People stand on Pedder Street during a protest in the Central district of Hong Kong on November 14. For the time being, Hong Kong’s current crisis is viewed by investors as an idiosyncratic event. Photo: Bloomberg
Nicholas Spiro
Opinion

Opinion

The View by Nicholas Spiro

Hong Kong is a test case of how much political risk investors can stomach

  • Even as the unrest persists and the violence escalates, markets do not believe the crisis will have systemic impact. But that may change if the protests become linked to the trade war, despite Donald Trump’s hopes for a limited trade deal

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People stand on Pedder Street during a protest in the Central district of Hong Kong on November 14. For the time being, Hong Kong’s current crisis is viewed by investors as an idiosyncratic event. Photo: Bloomberg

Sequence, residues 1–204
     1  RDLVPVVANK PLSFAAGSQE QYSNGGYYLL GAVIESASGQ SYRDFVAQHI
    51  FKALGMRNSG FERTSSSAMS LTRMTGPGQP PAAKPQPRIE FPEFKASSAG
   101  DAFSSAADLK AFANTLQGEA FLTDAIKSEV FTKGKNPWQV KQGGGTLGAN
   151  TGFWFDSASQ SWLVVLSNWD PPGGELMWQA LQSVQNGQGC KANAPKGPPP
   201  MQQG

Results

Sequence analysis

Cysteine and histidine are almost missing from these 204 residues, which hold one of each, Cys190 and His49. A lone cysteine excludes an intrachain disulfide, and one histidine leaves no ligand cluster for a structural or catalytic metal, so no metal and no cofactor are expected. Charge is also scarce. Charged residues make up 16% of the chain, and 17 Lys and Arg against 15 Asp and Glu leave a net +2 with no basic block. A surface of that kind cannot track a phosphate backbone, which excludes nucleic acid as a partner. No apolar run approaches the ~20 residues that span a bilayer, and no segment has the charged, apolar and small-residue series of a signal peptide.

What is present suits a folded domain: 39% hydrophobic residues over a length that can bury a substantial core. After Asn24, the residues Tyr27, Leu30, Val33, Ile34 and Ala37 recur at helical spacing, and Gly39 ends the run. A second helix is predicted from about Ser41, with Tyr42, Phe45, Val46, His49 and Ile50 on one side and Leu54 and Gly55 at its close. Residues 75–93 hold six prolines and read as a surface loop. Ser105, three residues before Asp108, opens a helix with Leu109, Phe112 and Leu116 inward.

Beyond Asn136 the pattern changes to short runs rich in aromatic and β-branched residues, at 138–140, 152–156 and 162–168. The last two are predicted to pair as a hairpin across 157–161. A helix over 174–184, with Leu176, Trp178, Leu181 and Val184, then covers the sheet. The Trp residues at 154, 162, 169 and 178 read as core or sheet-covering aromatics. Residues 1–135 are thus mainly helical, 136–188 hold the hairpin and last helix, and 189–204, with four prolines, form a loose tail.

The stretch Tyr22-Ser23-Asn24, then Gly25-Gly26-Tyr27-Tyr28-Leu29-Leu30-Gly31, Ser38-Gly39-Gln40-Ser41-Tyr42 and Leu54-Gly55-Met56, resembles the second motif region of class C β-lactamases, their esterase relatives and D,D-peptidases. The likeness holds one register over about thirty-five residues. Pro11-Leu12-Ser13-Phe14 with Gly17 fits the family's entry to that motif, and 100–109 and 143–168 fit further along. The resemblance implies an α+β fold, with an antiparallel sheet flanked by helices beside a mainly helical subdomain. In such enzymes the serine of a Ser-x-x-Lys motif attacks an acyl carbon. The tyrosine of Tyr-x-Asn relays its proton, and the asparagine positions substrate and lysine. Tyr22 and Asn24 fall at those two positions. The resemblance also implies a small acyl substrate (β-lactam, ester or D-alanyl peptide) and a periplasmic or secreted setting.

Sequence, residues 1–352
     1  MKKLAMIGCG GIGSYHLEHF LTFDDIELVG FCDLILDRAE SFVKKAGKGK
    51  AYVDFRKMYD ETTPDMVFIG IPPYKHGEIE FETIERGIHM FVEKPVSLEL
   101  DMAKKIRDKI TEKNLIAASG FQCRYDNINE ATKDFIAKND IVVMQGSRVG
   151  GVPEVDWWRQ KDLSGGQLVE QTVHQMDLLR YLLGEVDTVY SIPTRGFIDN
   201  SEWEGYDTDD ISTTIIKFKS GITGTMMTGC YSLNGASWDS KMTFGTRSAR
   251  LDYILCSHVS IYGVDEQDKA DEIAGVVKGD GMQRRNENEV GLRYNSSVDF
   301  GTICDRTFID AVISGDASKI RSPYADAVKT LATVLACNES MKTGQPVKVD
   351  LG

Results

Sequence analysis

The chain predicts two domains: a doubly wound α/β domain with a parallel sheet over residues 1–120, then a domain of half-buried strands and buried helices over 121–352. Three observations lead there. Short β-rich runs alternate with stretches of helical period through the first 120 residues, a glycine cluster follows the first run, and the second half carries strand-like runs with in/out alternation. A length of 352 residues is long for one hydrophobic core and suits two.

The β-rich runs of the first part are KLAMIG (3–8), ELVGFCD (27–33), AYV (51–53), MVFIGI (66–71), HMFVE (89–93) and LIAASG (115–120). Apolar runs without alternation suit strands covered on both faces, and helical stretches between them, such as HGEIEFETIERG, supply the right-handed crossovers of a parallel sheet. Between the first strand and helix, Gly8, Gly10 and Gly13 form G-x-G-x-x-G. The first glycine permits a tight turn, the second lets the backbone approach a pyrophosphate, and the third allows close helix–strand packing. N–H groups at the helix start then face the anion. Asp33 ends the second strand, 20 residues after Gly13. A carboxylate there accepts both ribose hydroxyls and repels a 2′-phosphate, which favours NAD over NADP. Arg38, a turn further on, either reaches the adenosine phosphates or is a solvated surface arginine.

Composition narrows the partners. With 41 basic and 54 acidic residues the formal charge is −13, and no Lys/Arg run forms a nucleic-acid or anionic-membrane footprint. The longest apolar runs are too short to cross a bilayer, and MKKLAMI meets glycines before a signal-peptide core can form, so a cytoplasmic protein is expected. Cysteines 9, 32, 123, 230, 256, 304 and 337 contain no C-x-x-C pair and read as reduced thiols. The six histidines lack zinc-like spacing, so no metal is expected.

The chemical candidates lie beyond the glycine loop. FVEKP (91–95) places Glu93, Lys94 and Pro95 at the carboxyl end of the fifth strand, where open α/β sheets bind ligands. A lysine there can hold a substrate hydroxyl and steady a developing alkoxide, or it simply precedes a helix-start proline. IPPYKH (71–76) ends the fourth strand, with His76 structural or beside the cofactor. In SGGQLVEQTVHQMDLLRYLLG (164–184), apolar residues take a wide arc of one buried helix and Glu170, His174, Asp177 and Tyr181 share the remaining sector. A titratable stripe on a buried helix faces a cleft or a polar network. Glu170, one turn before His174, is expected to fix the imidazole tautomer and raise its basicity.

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An empty restaurant in Sheung Wan earlier this month. Many Hong Kong businesses have struggled amid ongoing political unrest. Photo: Nora Tam

Amid Hong Kong anti-government protests, city’s economy expected to shrink 1.3 per cent for the year

  • Local trade has been buffeted by the US-China trade war and political unrest on the streets
  • It would be the first annual decline in a decade
Topic |   Hong Kong protests

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An empty restaurant in Sheung Wan earlier this month. Many Hong Kong businesses have struggled amid ongoing political unrest. Photo: Nora Tam
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